Nairobi Football Sevens Series – NF7’s representative distributing exercise books and Momo Pencils to pupils

Effort has intentionally been put in place to ensure that more African children go to school. A majority of governments in Africa and particularly in Kenya now offer free primary school Education. This is to ensure that all the children including those from marginalized communities have an equal opportunity to go to school. The effort has indeed paid off because Africa’s current primary school enrolment rate is now above 80% on average, with the continent recording some of the biggest increases in elementary school enrolment globally in the last few decades. This is according to the United Nations Educational, Scientific and Cultural Organization (UNESCO), which is tasked with coordinating international cooperation in education, science, culture and communication. More children in Africa are going to school than ever before.

Projects like Sun Books in Africa developed by the World Literacy Foundation started the development of an EdTech project to provide quality educational resources to children in regional and remote communities through the use of sustainable, solar-powered technology. Statistics show that more than 9,927 children have benefited from this project.    Organizations like Global Partnerships have invested funds in a bid to bring transforming education to the underprivileged. Other international organizations like Book Aid International, Africa Educational Trust, World Literacy Foundation and the Global Education Summit among many others have developed programs and availed resources meant to partner with African School in order to avail books in school or provide reading materials to African children at no cost.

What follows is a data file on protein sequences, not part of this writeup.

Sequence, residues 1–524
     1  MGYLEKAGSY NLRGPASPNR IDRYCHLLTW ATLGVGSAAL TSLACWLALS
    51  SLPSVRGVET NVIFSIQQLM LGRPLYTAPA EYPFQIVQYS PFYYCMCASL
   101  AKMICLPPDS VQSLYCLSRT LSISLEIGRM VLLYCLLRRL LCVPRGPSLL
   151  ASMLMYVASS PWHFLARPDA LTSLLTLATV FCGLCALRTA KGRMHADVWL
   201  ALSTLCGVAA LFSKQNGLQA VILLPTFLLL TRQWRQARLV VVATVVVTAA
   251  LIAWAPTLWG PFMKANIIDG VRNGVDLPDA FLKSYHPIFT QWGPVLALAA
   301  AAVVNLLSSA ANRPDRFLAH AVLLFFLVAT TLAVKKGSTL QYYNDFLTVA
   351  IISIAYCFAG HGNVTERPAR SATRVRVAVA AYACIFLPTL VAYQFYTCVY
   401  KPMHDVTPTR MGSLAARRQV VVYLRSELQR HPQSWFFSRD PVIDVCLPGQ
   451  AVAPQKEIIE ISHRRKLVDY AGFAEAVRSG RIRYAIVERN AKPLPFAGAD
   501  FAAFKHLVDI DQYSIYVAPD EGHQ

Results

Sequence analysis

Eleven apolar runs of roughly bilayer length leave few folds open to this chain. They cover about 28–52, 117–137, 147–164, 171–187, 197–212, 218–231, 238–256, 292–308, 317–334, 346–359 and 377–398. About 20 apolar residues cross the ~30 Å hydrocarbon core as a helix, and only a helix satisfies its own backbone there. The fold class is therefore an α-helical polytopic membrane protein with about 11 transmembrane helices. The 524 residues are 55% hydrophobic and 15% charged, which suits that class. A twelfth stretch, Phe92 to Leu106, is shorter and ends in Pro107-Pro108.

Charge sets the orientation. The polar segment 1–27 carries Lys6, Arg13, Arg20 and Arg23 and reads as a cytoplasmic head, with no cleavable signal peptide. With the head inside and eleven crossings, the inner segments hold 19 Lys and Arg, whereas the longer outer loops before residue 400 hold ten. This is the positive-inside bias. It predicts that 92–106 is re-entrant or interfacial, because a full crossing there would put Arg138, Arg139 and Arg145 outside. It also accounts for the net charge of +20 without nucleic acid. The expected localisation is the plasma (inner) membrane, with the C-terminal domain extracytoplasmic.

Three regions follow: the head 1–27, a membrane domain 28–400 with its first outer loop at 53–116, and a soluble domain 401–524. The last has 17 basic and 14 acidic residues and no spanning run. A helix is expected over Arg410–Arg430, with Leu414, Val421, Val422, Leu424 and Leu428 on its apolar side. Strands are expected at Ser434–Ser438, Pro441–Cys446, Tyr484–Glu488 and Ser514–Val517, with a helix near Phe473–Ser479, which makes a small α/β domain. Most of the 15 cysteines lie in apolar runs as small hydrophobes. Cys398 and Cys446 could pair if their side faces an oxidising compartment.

Closer home, organizations like the African Library Project are helping children to read and learn by collecting and donating books to these children. The education landscape is quickly changing with organizations like MO & MO Company through the program ‘Hope for Literacy’ contributing in the provision for quality education. The Hope for Literacy Campaign seeks to donate pencils to children from marginalized communities through funding from partners.  Through these sponsorships, MO & MO Company Ltd has been able to donate Momo Pencils to over 5,000 children. The program continues to expand as more partners come on board.

MO & MO Group CEO Mahamud Omari and partners during celebrations of world literacy day.

Through such partnerships, the unequal education landscape is gradually changing and more children now have access quality education in Africa.

The rise of online learning

Online learning has quickly taken root in African schools with most primary and secondary schools embracing this mode of learning. For some, it is a cost-effective alternative to accessing formal education while for others; it is a foreign concept that can only be dreamt of. For those in the urban areas or those with easy internet access, it is as easy as logging in and continuing with the zoom classes. For others however especially in marginalized and poor neighbourhoods, it is a mirage accessing online education.

Online learning is now being seen as the next big thing in the education sector in Africa. The Covid 19 pandemic changed the mode of learning as we know it. Because of the nature of the disease and how it spreads, it became necessary to adjust the way students interact in school including with their teachers. As the disease continues to spread, more teachers and learners are embracing online learning as an acceptable form of a classroom setting.

It is no secret that online learning is quickly becoming popular because of the advantage of convenience it offers both students and parents. Depending on how one chooses to look at it,  students who have to cover long distance to go to school may find online learning advantageous since it tackles a number of barriers including travel time, school cost, and labor schedule. It is a known fact that the most important determinant of primary school enrollment is proximity.